Folie a Deux Crush Fantasy


Slow and Sparkling Start to the Harvest by The Folie a Deux Harvest Intern
September 23, 2009, 12:19 am
Filed under: Harvest Adventures

The harvest season at Folie à Deux is off to a late start. We’ve had white grapes come in, but it’s been slow.  The upside is that we couldn’t be more prepared. The winery is so clean that it sparkles! Every tank has been washed and they are now ready and waiting to be filled with juice. Guess who got to clean all those tanks? The interns, of course.

So, where are all the grapes? Come on California! Give us the heat we need to bring up the sugar levels! The grapes can’t be picked until the sugar level is just right. It’s going to be in 100s this week so hopefully that will give us the heat we need to give us nice sweet grapes.

As our grapes continue to ripen on the vine, our barrel rooms and tanks are seeing all the action. Right now, we have some of our 2009 whites in the tanks and some of the 2008 wines are starting to make their journey to the barrels. Also, wines that are currently in the barrels are getting ready for bottling. It’s like musical chairs for all the different wines as they start to move around the winery. I’m getting the feeling it’s all about timing and making sure no grapes are left without a chair when the music stops!

For people who are new to winemaking, I thought I’d give a very quick overview of the first steps of the winemaking process…and I mean very quick, because the entire winemaking process takes several months to a couple of years to complete.

When the grapes (which I’ve learned are called berries) first arrive at the winery they are put into big silver bins called hoppers.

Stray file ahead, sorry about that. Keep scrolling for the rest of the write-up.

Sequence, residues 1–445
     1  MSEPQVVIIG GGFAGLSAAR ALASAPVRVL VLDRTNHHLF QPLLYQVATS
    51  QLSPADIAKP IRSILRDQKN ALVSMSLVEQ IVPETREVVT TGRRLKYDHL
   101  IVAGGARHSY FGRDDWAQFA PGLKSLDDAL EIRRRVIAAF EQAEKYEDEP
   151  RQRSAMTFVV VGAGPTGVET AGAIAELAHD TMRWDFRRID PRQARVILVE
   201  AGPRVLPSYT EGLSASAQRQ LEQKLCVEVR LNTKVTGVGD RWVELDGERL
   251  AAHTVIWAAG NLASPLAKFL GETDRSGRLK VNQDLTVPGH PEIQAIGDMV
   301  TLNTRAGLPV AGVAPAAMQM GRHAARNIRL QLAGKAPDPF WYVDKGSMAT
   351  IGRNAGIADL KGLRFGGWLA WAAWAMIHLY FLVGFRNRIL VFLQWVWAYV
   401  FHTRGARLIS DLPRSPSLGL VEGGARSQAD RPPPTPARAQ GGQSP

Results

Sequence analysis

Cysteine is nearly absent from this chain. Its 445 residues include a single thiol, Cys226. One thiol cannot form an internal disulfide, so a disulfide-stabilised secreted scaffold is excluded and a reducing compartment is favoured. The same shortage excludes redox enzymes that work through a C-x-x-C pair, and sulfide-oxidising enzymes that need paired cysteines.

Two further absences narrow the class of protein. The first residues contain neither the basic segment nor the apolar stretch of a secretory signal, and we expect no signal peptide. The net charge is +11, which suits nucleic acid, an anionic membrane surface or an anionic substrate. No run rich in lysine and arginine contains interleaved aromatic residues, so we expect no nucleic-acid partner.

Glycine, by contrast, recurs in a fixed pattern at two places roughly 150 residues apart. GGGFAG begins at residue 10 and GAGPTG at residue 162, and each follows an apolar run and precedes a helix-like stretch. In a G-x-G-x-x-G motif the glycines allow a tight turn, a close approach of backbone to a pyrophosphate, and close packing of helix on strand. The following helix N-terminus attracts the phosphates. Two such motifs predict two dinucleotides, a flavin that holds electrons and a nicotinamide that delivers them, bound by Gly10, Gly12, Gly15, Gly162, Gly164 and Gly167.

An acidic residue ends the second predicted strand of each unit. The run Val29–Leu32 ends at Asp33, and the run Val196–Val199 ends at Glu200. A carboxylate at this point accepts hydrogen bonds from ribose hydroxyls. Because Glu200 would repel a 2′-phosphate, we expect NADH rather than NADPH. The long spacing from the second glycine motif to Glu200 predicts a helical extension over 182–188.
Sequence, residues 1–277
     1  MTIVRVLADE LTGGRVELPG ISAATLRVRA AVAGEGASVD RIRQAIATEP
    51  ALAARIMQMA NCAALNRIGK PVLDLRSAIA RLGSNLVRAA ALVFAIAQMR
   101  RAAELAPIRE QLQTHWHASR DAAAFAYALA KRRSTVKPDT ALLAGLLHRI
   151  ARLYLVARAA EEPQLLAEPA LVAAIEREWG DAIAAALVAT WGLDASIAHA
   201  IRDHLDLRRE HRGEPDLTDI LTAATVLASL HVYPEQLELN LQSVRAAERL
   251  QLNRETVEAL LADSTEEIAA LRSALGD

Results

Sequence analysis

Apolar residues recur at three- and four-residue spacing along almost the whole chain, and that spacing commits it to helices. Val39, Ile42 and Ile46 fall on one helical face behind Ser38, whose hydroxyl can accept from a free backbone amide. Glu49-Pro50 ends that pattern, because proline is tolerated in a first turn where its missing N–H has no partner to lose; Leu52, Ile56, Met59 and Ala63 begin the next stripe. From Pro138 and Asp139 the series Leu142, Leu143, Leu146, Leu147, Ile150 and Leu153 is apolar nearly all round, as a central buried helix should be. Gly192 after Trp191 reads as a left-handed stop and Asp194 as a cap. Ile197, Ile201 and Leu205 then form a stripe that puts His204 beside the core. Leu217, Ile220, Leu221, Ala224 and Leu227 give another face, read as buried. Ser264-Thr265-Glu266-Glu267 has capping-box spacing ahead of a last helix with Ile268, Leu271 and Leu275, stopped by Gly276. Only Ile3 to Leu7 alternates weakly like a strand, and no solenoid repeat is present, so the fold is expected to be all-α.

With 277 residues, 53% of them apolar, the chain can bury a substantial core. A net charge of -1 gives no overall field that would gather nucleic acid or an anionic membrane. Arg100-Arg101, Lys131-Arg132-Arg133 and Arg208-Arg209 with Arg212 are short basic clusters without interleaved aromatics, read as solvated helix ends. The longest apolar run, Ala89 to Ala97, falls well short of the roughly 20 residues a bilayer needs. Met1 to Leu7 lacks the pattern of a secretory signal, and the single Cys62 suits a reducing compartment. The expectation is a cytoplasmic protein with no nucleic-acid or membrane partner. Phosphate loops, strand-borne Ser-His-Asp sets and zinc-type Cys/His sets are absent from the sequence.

Sneaking Berries out of the Hopper

Sneaking Berries Out of the Hopper

The berries are then pushed by an auger—which looks like a giant corkscrew—into the de-stemmer. The de-stemmer separates the berries from the stems before they go into the crusher. The crusher gently presses the berries and then the skins and juice are pumped into a tank. As you can see, the equipment has self-explanatory names: the de-stemmer, the crusher, etc. It sure makes it easier for the interns to remember which equipment does each function.

The juice is later pressed and all of the skins are removed before fermentation. (White wines generally go straight to press or shortly thereafter destemming.) The wines begin fermentation in stainless steel tanks and then some of the wine varieties will be moved to barrels. This is where Joe Shirley, our winemaker, works his magic as small changes are made to make each wine unique.

Since we’re still in the beginning stages of the winemaking process, I’ll stop here. More details soon.

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